I have been advised by the supervising doctor that, although the case is unusual, there can be no doubt that the pregnancy is not viable. I have had no symptoms of bleeding or pain, although I do still feel pregnant. Doctor advises that, although heterotopic pregnancies are rare, it would be advisable to perform a D&C to evacuate uterine contents and laparoscopy to get a better view of the fibroid and tubes.
My concern is that the diagnosis is unclear and I have no symptoms which might indicate ectopic pregnancy. I feel incredibly wary of surgery but am unwilling to question medical advice even though they cannot give a definitive diagnosis. Have been advised that the question of whether or not to remove my fallopian tube during laparoscopy will be at the surgeon's discretion. I am terribly worried about this. Terrified, actually.
Given that I have no symptoms of pain or bleeding, why can't I take the course of expectant management? I have ceased the pessaries 3 days ago and surely the miscarriage can be allowed to occur naturally. Why is the D&C necessary? And should I bother with a laparoscopy given that all 3 ultrasounds showed no evidence of tubal pregnancy? The only problem is the extrauterine fibroid which may have changed only slightly and surely poses no risks and cannot be excised during laparoscopy anyway?
I am terribly confused and utterly petrified and I dare not go to another doctor and ask for a second opinion as they will have to ask the Clinic for my records. I do not wish to anger my supervising doctor, or the clinic, as I still have 2 frozen embryos with them. I am worried that asking for another opinion will compromise my future treatment.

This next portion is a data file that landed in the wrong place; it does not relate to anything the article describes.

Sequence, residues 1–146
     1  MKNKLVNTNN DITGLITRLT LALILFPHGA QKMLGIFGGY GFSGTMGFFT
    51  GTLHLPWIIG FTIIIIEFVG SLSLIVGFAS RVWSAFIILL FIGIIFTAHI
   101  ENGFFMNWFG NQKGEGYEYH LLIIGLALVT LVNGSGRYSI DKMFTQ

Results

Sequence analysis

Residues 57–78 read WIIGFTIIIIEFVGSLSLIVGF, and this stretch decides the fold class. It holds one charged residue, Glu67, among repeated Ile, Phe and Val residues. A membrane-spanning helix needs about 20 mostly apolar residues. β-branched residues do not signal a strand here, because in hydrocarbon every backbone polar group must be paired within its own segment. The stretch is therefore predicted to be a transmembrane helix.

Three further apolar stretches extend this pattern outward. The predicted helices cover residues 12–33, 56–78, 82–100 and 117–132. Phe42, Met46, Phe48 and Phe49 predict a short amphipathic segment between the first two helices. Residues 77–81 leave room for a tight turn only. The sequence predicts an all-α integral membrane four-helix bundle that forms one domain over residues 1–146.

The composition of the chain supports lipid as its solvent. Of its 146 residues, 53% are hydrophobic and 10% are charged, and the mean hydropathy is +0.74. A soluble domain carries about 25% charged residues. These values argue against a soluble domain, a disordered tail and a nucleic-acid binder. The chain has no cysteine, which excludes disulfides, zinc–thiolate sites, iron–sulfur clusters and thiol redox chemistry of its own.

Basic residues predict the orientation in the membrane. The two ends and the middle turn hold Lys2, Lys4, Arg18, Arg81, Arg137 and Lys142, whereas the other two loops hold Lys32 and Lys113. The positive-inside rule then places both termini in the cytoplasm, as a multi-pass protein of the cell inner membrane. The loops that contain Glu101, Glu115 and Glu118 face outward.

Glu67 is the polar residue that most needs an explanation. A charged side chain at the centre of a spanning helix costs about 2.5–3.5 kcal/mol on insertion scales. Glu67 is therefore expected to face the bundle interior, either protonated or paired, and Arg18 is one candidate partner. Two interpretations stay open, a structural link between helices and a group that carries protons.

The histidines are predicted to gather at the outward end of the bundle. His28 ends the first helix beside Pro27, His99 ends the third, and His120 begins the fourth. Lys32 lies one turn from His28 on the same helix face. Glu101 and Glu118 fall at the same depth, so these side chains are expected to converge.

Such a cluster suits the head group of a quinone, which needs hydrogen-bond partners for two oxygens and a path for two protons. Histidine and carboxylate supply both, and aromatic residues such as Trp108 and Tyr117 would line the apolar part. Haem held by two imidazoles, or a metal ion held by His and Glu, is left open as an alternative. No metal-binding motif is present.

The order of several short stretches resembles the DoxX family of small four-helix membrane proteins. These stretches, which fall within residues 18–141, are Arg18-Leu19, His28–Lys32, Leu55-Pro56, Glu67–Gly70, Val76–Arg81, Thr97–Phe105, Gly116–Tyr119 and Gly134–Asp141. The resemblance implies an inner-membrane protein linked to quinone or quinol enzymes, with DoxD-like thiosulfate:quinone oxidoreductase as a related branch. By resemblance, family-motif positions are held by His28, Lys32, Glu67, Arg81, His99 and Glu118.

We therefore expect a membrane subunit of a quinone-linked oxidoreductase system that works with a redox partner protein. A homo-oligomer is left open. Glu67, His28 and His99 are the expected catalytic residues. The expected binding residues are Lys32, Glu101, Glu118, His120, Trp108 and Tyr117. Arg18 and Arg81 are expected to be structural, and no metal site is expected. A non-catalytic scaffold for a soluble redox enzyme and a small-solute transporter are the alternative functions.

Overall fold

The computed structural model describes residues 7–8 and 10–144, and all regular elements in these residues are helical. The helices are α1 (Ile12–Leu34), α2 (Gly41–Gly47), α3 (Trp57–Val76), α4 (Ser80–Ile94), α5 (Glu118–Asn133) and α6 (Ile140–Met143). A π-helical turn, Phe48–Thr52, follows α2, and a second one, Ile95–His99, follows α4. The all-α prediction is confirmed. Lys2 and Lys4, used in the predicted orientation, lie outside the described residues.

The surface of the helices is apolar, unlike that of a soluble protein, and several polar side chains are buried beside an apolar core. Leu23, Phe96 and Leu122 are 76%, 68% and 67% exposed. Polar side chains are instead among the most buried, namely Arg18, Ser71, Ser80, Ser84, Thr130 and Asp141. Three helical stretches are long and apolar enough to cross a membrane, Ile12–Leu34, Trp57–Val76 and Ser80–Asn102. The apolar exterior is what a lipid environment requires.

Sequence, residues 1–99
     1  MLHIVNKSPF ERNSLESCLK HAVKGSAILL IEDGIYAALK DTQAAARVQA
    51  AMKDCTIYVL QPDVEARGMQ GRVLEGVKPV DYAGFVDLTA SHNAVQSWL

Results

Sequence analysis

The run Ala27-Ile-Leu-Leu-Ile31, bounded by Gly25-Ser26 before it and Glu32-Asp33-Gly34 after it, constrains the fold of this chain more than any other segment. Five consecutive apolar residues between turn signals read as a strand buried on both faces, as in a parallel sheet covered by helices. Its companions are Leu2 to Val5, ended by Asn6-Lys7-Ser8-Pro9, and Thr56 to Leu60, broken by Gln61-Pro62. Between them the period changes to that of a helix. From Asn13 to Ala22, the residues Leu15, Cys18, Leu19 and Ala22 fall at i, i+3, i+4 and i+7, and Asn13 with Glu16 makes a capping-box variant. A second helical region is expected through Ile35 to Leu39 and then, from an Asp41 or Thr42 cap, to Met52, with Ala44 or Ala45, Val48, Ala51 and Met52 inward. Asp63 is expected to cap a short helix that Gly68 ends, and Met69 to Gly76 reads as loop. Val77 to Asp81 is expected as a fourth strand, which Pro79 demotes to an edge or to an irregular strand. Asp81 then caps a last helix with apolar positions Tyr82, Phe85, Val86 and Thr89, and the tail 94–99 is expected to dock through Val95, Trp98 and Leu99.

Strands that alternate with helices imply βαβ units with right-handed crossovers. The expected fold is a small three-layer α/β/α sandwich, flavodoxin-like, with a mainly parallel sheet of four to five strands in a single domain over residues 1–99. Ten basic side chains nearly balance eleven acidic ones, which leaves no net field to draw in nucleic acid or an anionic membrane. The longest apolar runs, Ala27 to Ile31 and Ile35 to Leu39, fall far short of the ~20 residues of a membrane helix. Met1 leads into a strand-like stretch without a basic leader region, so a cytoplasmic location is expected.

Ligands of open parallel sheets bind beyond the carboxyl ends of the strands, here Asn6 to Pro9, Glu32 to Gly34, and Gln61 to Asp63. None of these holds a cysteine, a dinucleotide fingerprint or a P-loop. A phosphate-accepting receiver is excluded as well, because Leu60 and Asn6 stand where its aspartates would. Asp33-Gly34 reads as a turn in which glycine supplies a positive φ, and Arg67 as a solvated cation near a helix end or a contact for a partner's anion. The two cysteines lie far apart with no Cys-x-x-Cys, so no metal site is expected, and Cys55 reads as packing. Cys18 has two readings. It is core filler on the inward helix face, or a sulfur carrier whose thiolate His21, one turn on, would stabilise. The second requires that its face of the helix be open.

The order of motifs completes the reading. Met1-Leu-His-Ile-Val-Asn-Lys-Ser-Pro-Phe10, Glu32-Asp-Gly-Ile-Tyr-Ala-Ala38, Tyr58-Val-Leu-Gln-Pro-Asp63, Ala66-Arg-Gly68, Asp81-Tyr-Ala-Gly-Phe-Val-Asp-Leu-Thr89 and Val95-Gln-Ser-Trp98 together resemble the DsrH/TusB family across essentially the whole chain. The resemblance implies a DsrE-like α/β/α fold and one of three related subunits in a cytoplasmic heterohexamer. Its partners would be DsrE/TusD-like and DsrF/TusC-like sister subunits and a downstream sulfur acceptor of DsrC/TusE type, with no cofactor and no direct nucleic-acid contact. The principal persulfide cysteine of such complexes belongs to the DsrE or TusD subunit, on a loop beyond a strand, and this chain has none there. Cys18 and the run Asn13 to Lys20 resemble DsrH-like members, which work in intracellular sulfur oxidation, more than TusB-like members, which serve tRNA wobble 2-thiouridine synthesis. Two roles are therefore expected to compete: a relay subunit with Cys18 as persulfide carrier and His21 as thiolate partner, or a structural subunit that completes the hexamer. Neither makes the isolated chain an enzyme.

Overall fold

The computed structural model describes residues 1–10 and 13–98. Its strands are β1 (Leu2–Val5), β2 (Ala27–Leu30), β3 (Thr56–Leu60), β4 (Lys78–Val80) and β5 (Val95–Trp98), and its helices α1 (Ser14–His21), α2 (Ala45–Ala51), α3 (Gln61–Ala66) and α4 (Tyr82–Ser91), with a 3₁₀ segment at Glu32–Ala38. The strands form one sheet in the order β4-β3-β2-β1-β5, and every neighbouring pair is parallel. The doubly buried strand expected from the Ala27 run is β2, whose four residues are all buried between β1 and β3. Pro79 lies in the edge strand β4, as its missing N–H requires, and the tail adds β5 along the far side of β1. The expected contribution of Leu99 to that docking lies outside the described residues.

Surgery is scheduled in 2 days and I am really hesitant to go ahead with it. Do I have reasonable grounds for refusing surgery in the nicest way possible and just allowing everything to resolve naturally?
Hoping you can offer some insight or advice!
I have a mucus filled appendix per a ct scan. The doctor wants
I have a mucus filled appendix per a ct scan. The doctor wants to take it out and it is close to my ovary and fallopian tube. If it is attached, they will take those also. I am 62 and don't need them anyway. Have never been on HRT. What are the odds this could be cancer?
I have had my removed in 1996. The ovaries and fallopian
I have had my uterus removed in 1996. The ovaries and fallopian tubes were left. Today when I had a pelvic ultrasound I was told that I had fluid in my right fallopian tube. What does that mean? I have been in menopause for about 14 years.